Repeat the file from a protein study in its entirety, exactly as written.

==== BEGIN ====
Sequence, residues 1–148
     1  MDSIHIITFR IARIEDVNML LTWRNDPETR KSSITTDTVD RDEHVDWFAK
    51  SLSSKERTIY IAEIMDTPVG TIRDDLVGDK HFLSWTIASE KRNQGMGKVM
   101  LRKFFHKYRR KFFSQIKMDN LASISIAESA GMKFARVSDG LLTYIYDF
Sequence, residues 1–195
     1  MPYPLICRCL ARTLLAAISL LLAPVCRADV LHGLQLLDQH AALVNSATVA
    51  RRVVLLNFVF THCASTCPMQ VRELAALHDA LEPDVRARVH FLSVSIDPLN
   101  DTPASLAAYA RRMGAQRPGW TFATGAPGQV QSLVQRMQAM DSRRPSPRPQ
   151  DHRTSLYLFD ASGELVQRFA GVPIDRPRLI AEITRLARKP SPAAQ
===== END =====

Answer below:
Sequence, residues 1–148
     1  MDSIHIITFR IARIEDVNML LTWRNDPETR KSSITTDTVD RDEHVDWFAK
    51  SLSSKERTIY IAEIMDTPVG TIRDDLVGDK HFLSWTIASE KRNQGMGKVM
   101  LRKFFHKYRR KFFSQIKMDN LASISIAESA GMKFARVSDG LLTYIYDF
Sequence, residues 1–195
     1  MPYPLICRCL ARTLLAAISL LLAPVCRADV LHGLQLLDQH AALVNSATVA
    51  RRVVLLNFVF THCASTCPMQ VRELAALHDA LEPDVRARVH FLSVSIDPLN
   101  DTPASLAAYA RRMGAQRPGW TFATGAPGQV QSLVQRMQAM DSRRPSPRPQ
   151  DHRTSLYLFD ASGELVQRFA GVPIDRPRLI AEITRLARKP SPAAQ